SHANGHAI • China Southern Airlines has set a record with a 17 per cent rise in annual profit, following a year of robust travel demand and strengthening yuan.
China's largest carrier by passenger numbers yesterday said net profit attributable to shareholders last year reached 5.91 billion yuan (S$1.2 billion). The result fell slightly short of the 6.6 billion yuan average of 17 analyst estimates in a Thomson Reuters poll.
Previously, China Southern Airlines' best net income result was 5.8 billion yuan in 2010.
The airline said revenue rose 11 per cent to 127.5 billion yuan.
It also booked 1.79 billion yuan in foreign exchange gains as the yuan has appreciated about 10 per cent against the US dollar since the start of last year.
The weakened dollar has helped slash the financing expenses of China Southern as well as rivals Air China, and China Eastern Airlines Corp, which used dollar-denominated loans to expand fleets.
The trio - China's largest airlines - are expected to report their strongest annual profits in years this week, as soaring travel demand and foreign exchange gains more than make up for a drop in income-per-passenger and the rising cost of fuel.
Analysts had earlier estimated China Southern, the country's largest carrier by passenger numbers, to report net income of about 6.4 billion yuan.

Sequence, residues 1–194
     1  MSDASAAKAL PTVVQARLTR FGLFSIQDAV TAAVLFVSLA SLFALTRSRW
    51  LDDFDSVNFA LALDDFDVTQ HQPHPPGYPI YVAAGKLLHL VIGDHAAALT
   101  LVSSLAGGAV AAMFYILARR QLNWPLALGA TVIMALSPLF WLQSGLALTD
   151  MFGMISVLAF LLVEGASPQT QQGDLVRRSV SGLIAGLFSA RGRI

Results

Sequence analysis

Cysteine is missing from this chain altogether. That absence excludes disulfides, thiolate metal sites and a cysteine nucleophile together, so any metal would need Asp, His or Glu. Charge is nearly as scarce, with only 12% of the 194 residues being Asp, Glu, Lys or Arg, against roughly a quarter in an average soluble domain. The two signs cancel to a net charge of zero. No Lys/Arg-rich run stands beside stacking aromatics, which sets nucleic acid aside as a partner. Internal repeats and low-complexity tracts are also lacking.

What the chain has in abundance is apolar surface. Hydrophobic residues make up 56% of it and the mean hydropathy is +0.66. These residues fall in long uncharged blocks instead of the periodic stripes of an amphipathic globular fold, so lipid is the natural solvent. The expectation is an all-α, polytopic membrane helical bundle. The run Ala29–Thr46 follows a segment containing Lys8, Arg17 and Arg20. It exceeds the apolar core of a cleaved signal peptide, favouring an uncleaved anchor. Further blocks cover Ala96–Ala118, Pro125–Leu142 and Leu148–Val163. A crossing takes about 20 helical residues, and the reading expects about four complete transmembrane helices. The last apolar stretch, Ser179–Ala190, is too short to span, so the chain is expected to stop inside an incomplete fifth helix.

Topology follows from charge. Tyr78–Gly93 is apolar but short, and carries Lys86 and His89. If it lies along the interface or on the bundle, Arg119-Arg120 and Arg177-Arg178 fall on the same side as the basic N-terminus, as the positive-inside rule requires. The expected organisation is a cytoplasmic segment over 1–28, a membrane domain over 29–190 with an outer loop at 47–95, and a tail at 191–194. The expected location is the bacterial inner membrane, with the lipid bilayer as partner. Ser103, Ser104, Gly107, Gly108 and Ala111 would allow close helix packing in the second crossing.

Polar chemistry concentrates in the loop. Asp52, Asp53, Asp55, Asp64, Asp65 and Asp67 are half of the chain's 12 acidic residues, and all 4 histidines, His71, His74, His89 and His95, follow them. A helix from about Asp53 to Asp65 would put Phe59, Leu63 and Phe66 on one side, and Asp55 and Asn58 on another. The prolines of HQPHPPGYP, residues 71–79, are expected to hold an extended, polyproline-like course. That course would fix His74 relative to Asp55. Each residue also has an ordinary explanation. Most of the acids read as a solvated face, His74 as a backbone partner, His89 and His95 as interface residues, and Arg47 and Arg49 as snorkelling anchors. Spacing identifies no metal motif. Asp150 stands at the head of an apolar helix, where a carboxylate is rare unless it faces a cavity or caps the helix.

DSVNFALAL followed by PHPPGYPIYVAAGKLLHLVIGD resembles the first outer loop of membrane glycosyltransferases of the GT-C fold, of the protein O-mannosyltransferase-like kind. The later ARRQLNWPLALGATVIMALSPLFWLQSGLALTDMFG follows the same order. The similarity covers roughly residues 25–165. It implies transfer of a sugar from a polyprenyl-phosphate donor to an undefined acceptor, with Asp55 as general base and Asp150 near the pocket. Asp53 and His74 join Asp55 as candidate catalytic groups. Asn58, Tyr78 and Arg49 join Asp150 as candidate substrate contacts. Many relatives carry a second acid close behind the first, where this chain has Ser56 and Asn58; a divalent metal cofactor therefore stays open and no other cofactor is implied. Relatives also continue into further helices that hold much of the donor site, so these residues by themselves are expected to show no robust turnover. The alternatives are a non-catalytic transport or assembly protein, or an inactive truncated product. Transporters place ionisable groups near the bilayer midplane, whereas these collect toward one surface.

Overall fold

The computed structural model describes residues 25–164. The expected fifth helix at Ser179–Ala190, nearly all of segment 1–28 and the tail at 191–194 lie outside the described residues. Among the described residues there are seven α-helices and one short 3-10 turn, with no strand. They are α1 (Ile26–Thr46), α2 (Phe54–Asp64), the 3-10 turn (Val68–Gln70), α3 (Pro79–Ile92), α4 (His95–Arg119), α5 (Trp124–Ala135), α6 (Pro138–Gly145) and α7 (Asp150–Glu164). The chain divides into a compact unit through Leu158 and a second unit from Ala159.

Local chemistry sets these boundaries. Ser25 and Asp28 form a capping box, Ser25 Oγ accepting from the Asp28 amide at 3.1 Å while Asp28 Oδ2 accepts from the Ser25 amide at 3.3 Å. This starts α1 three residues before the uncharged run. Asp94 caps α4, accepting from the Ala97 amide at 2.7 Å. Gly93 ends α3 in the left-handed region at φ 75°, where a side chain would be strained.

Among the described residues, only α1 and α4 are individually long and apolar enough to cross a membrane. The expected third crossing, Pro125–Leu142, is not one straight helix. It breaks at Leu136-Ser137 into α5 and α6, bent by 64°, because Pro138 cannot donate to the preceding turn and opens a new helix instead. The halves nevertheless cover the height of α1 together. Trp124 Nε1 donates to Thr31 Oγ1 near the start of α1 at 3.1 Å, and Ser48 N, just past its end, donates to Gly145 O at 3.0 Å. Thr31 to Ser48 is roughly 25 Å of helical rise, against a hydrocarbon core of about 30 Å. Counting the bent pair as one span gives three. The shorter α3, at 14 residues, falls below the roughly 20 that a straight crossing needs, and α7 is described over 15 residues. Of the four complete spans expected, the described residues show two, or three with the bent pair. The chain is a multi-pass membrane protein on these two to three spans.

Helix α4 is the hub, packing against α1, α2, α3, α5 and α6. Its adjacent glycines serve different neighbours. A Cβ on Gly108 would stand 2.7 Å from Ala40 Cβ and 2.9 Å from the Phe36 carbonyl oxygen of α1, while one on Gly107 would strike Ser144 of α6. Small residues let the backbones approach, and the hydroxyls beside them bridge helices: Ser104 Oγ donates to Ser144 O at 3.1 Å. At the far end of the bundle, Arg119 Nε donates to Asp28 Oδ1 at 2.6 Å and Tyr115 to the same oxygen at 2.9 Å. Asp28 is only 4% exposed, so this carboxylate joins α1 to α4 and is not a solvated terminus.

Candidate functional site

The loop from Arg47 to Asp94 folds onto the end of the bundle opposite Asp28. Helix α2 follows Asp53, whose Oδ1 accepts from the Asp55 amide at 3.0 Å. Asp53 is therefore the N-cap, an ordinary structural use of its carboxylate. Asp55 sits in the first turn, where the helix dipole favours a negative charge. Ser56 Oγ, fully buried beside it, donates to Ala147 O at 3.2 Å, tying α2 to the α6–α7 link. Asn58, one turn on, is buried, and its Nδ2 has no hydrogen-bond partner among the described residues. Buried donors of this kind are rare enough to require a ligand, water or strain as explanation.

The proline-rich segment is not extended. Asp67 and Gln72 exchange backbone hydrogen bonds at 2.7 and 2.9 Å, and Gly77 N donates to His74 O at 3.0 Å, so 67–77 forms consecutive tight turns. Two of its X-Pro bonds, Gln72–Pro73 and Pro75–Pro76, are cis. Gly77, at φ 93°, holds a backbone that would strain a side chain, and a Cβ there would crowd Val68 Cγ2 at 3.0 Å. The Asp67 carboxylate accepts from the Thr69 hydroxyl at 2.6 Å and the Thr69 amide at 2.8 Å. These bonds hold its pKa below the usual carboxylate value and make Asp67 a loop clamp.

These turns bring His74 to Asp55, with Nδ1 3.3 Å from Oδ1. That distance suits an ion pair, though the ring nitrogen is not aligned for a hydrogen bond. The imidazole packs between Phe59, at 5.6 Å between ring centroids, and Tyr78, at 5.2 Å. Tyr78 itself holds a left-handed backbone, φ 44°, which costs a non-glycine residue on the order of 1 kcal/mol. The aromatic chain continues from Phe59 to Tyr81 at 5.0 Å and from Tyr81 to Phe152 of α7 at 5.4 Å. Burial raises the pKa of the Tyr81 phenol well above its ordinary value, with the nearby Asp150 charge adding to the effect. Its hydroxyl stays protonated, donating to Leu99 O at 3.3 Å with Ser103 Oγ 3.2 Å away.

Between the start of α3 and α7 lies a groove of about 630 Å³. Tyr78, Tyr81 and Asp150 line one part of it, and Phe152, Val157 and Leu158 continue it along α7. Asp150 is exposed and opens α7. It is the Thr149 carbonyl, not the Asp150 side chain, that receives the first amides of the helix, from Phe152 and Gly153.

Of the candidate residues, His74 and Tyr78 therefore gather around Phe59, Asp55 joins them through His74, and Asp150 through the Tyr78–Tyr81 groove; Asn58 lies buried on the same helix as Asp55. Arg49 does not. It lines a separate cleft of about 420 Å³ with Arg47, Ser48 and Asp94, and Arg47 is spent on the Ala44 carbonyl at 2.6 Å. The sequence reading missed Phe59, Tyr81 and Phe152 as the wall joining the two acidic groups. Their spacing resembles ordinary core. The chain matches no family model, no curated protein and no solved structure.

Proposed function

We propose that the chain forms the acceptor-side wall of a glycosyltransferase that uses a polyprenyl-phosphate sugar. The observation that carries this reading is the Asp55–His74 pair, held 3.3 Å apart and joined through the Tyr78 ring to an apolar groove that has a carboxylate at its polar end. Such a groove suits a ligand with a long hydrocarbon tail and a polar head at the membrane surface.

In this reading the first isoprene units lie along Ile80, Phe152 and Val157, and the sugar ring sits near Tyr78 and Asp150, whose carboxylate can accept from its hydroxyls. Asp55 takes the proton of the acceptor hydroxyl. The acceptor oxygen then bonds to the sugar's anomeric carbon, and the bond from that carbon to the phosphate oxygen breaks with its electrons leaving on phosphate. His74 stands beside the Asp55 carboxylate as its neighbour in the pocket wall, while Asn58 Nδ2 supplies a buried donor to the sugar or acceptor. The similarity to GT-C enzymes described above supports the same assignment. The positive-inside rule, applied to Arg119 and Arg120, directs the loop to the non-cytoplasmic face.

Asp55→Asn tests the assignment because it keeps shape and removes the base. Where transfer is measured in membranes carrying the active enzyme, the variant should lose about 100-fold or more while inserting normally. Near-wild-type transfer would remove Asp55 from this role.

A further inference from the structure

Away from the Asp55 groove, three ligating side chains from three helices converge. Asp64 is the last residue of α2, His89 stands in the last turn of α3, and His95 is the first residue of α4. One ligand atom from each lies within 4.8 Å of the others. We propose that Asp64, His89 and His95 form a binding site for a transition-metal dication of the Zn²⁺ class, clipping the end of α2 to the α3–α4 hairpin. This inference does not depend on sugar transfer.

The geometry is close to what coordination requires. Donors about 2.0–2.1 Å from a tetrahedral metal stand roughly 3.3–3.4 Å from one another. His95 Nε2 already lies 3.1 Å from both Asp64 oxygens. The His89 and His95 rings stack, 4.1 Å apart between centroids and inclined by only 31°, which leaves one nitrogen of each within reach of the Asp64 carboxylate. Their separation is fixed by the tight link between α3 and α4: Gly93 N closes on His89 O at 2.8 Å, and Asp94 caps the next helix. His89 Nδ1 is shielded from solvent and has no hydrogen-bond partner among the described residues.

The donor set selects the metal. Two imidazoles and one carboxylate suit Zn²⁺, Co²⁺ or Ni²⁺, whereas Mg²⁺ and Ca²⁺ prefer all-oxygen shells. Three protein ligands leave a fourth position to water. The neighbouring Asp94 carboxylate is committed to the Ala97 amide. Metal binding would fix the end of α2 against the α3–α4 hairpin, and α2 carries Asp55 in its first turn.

Later in the week, Air China is expected to report its biggest profit since 2010, and China Eastern Airlines Corp is forecast to book its best result since at least 1996.
Driving profit is a tourism boom that saw more than five billion domestic trips made last year, 12.8 per cent over 2016, plus 129 million overseas trips, up 5.7 per cent, data from the China National Tourism Administration shows.
"(Profits) are likely to be very strong," said Daiwa Securities analyst Kelvin Lau in Hong Kong. "But the major focus will be more on how the yields - especially now with fuel costs coming up - can mitigate cost impact."
The rate at which the airlines have bought planes and opened less-profitable international routes has outpaced passenger growth, impacting returns.
As of last June, the three carriers had a combined fleet of owned and leased aircraft of 1,924 planes, up from 1,868 at the same time a year earlier. Global routes opened last year include Guangzhou-Vientiane and Shanghai-Cebu.
Rising prices of jet fuel, airlines' single largest cost, is also eating into profits. As of March 16, the price has risen 28 per cent year-on-year to US$78.2 per barrel, the International Air Transport Association's jet fuel price monitor shows.